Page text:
Greg, on the other hand, had a few issues. Not only was she larger than we agreed on, but he was a little nervous about the fact she was a pit bull. He wondered what her life had been like before she wound up in the shelter.
Was she a happy dog? Was she ever mistreated? Would she be gentle with the kids?
Even when you love animals like we do, it’s easy to assume the worst about a dog you don’t know.
Fortunately, we worked past those issues over the next few weeks, and I eventually convinced Greg she was the one. After going to visit her at the shelter a few more times, we took the plunge to “foster to adopt.” That way, they knew we wanted to adopt her but we also had a “way out” if she wasn’t a good fit.
Here’s a picture of us getting ready to bring our used dog, formerly known as Precious, home:
Why I’m So Glad We Got a “Used” Dog
Shortly after we adopted our dog, we changed her name to Madge. Now that we’ve had her for six months, I can honestly say I believe our union was meant to be. She may be almost six-years-old now, but she has plenty of life and love left to give. And really, she has been nothing short of perfect.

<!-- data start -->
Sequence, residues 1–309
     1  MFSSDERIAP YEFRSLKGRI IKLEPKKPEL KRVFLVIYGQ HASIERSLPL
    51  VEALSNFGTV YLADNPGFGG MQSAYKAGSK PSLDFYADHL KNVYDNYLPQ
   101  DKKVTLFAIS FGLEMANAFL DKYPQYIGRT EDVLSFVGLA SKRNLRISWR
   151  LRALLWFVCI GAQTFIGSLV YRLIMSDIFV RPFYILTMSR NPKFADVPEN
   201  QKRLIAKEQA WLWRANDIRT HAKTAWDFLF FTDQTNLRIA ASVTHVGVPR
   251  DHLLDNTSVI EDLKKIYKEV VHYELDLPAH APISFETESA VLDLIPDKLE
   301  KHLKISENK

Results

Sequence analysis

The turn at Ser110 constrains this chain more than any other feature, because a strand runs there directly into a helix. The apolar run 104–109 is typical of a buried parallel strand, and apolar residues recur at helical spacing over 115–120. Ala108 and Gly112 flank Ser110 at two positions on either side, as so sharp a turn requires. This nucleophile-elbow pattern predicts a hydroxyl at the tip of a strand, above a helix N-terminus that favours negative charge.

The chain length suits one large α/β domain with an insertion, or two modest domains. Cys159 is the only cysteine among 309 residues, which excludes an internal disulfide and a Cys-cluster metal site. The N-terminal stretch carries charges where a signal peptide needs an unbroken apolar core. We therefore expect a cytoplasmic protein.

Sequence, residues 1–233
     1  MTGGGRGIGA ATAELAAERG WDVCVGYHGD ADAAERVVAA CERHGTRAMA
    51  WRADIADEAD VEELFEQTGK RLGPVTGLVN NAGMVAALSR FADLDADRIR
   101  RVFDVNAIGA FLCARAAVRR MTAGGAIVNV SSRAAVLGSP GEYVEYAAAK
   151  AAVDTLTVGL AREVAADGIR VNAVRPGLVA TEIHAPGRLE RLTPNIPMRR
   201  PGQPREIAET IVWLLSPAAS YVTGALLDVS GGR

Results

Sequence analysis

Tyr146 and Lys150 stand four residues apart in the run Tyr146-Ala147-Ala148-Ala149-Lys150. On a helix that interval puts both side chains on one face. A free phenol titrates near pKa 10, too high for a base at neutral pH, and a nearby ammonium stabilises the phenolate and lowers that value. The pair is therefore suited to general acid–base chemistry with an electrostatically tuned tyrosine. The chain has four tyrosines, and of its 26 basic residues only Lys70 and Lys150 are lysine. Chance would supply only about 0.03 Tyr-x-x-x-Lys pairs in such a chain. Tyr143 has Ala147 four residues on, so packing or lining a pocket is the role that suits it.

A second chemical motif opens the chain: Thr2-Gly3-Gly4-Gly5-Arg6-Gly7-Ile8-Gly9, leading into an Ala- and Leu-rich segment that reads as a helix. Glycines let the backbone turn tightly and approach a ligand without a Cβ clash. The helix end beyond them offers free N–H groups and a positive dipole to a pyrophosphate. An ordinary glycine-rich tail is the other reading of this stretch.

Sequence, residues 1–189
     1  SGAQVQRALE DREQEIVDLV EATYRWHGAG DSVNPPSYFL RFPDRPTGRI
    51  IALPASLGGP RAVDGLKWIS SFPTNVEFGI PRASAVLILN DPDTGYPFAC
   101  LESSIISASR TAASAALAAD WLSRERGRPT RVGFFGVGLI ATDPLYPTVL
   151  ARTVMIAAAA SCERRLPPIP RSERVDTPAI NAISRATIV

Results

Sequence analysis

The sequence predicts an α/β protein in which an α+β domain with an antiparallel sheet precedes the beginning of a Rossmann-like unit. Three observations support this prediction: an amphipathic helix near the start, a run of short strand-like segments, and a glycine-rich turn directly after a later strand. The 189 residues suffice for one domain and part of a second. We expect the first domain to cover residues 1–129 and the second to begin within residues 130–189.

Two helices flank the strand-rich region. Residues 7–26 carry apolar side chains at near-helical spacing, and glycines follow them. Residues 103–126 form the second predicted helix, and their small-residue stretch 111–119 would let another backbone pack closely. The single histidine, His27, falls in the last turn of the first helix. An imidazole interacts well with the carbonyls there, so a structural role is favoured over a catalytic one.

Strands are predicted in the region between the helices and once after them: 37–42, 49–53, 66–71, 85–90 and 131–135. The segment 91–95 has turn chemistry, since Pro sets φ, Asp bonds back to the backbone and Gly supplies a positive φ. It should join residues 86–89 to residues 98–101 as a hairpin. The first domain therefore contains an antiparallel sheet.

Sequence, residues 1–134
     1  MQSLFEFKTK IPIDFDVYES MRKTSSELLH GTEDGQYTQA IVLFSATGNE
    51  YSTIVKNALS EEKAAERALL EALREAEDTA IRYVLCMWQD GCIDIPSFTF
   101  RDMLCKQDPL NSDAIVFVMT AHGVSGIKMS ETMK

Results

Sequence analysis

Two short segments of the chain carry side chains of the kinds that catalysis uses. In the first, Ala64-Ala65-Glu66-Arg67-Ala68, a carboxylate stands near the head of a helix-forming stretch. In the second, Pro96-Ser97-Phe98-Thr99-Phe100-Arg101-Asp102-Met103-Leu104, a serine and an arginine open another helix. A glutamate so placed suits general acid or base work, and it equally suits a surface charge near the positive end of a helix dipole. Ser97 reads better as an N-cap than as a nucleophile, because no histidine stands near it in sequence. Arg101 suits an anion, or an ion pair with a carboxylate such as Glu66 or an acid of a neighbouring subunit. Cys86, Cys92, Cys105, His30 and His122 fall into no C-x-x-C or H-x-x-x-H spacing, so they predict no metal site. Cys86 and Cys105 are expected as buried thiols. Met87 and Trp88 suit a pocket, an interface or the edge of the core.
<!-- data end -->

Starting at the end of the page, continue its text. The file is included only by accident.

Here’s why I’m so glad we got a “used” dog:
#1: She is calm and relaxed.
Most people would assume a six-year-old surrendered pit bull has behavior problems, but that’s not fair at all. Madge was surrendered because her previous owner lost his home. Since he had nowhere to live, he gave her up. She did absolutely nothing wrong to lose her home, and she has no behavior problems at all.
She is easily the most relaxed dog I have ever been around. She is great with the kids, not protective over her food, and incredibly patient. When we forget to feed her or she’s simply ready to eat, she will sit and stare at her bowl for hours! She never makes demands, and she is always polite.
I’m so glad I never assumed something was wrong with her because she was older and living in the shelter. Many times, dogs go to the shelter through no fault of their own.
#2: She was already house-trained and used to living indoors.
Here’s another perk you can get with a “used” dog. Once we brought Madge home, we were delighted to find out she was completely house-trained. She waits patiently at the door when she needs to go outside, and she’ll hold it forever. She never chews on our shoes or destroys anything. Part of this is because she’s older (and calmer), but it helps she was somebody’s pet in the past.